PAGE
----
The Delhi High Court is likely to pronounce on Monday its order on a public interest litigation (PIL) challenging the RBI’s decision to withdraw Rs 2,000 denomination banknotes from circulation.
A bench of Chief Justice Satish Chandra Sharma and Justice Subramonium Prasad had reserved its order on the PIL on May 30 after hearing the counsels for the petitioner and the RBI.
Petitioner Rajneesh Bhaskar Gupta has contended that the Reserve Bank of India (RBI) has no power to withdraw Rs 2,000 currency notes from circulation and only the Centre could have taken a decision in this regard.
In his petition, the petitioner submitted that the RBI has no independent power to direct the non-issue or discontinuance of issue of banknotes of any denominational values and this power is vested only with the Centre under section 24 (2) of the RBI Act, 1934.
Regarding the high court’s May 29 judgment on a PIL which had challenged the notifications by the RBI and SBI enabling exchange of Rs 2,000 banknotes without requisition slip and identity proof, Agarwal had said that was a completely different issue.
The plea was opposed by the RBI which said it was only withdrawing Rs 2,000 notes from circulation which was a “currency management exercise” and a matter of economic policy.
Earlier, the high court had dismissed the plea by lawyer Ashwini Kumar Upadhyay, which claimed notifications by the RBI and SBI enabling exchange of Rs 2,000 banknotes without proof were arbitrary and against the laws enacted to curb corruption, saying it has been done to avoid inconvenience to citizens and the court cannot sit as an appellate authority on a policy decision.
The high court has maintained it cannot be said that the government’s decision is perverse or arbitrary or it encourages black money, money laundering, profiteering or abets corruption.
The instant petition stated that the RBI notification gave no other reason except “clean note policy” for the “big arbitrary decision of withdrawing the Rs 2,000 denomination banknotes from circulation without analysis of the expected problems of the public at large”.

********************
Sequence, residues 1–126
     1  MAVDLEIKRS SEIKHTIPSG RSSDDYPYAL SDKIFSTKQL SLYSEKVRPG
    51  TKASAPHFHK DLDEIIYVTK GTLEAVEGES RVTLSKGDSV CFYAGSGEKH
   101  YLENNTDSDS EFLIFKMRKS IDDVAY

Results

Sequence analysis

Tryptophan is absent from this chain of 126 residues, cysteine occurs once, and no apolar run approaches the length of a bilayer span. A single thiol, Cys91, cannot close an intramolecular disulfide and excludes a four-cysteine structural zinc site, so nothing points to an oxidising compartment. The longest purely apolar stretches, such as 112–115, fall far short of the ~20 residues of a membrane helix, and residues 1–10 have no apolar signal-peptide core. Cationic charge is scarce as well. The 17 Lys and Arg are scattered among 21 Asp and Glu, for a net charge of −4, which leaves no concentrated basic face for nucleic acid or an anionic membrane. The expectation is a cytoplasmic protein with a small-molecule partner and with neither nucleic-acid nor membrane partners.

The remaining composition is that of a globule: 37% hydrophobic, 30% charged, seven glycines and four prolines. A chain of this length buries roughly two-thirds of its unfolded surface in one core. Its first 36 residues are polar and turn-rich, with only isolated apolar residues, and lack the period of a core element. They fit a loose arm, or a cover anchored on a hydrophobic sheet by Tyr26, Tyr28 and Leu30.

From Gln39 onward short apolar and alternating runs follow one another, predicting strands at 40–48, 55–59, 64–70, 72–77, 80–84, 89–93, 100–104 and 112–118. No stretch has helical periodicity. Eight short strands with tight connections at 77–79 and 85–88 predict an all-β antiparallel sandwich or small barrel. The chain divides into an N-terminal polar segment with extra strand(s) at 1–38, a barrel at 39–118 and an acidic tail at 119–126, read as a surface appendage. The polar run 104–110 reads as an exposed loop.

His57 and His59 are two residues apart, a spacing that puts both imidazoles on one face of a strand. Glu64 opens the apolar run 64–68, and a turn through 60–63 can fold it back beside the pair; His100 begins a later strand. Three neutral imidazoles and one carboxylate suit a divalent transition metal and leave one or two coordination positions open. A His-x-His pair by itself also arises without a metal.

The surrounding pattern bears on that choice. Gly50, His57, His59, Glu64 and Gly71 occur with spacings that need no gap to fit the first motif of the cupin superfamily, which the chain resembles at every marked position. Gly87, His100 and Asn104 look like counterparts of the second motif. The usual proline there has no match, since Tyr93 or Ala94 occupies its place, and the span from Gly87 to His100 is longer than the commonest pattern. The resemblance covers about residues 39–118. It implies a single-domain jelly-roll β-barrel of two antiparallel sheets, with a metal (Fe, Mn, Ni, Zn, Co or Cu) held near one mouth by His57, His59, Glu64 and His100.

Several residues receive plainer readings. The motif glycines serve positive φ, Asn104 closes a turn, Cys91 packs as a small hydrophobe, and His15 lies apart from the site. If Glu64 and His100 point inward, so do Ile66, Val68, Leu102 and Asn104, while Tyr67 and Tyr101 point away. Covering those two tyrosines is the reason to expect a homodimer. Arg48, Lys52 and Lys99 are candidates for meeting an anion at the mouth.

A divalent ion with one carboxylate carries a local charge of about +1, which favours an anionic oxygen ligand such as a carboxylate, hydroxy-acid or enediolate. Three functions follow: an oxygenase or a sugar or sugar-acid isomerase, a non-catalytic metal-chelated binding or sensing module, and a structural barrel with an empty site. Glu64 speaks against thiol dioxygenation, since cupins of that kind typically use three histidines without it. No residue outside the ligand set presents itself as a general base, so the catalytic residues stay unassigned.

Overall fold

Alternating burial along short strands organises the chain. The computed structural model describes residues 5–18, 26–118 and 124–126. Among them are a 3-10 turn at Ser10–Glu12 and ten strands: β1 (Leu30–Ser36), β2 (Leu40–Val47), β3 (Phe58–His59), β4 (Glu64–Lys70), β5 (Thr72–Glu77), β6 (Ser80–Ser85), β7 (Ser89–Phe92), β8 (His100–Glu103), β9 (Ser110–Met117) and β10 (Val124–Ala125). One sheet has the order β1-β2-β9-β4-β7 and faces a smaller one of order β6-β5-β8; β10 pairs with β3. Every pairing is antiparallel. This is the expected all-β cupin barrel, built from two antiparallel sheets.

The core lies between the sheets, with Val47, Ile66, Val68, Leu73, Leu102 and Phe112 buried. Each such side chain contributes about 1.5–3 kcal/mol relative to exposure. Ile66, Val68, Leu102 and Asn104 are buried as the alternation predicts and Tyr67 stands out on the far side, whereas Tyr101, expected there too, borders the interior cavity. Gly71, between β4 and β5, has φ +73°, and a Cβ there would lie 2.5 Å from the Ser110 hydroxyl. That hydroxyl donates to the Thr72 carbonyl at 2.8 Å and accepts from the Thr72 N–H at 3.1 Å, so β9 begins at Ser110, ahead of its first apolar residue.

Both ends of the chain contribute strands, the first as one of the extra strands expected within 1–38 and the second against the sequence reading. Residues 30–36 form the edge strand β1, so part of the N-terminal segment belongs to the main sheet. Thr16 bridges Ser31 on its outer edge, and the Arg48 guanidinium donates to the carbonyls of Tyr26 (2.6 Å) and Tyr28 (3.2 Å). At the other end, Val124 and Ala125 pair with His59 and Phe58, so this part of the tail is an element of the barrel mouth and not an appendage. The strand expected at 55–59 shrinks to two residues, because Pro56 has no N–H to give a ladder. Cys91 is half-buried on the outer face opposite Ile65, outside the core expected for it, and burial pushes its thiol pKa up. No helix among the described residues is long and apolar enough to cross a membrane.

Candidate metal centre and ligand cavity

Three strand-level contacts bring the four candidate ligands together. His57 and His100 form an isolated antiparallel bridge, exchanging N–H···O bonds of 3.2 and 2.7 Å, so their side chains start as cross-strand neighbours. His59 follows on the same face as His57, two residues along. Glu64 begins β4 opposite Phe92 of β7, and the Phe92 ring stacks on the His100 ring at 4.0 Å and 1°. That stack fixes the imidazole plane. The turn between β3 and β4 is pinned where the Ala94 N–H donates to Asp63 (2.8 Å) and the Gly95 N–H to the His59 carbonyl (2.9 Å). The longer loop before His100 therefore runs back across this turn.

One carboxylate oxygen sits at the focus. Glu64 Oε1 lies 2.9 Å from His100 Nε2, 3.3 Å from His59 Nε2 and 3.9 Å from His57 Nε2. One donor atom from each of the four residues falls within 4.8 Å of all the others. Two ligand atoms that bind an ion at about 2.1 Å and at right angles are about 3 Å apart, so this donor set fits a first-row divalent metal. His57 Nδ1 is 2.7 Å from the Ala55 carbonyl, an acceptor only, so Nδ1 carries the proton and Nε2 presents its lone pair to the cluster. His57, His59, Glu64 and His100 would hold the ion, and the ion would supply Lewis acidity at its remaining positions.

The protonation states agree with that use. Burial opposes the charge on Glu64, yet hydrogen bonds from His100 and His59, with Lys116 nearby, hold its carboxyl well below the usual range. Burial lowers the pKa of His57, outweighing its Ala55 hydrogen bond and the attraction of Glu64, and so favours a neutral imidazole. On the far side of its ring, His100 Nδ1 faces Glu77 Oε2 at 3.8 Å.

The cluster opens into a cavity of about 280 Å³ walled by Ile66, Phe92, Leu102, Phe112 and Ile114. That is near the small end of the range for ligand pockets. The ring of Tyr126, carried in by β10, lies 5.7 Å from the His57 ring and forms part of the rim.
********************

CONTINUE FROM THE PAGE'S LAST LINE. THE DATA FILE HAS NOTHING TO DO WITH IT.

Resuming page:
“RBI has not cleared so far what is the benefit to the RBI or National Economy after withdrawing the denomination of Rs.2000 banknote from circulation, however the hardship to the citizen of the country is very well known and seen during the demonetisation of denomination of Rs 500 and Rs 1,000 in the year 2016 and withdrawn of Rs 2000 is not much different from previous demonetization,” the plea said.
On May 19, the RBI had announced withdrawal of Rs 2,000 currency notes from circulation, and said existing notes in circulation can either be deposited in bank accounts or exchanged by September 30.
The bank notes in Rs 2,000 denomination will continue to be a legal tender, the RBI said in a statement.
In order to ensure operational convenience and to avoid disruption of regular activities of bank branches, the RBI has said exchange of Rs 2,000 bank notes into bank notes of other denominations can be made up to a limit of Rs 20,000 at a time at any bank starting from May 23.
In a communication to chief general manager of all its local head offices, State Bank of India (SBI) informed that the facility of exchange of Rs 2,000 notes by public up to a limit of Rs 20,000 at a time will be allowed without obtaining any requisition slip.
“Further, no identity proof is required to be submitted by the tenderer at the time of exchange,” the communication dated May 20 said.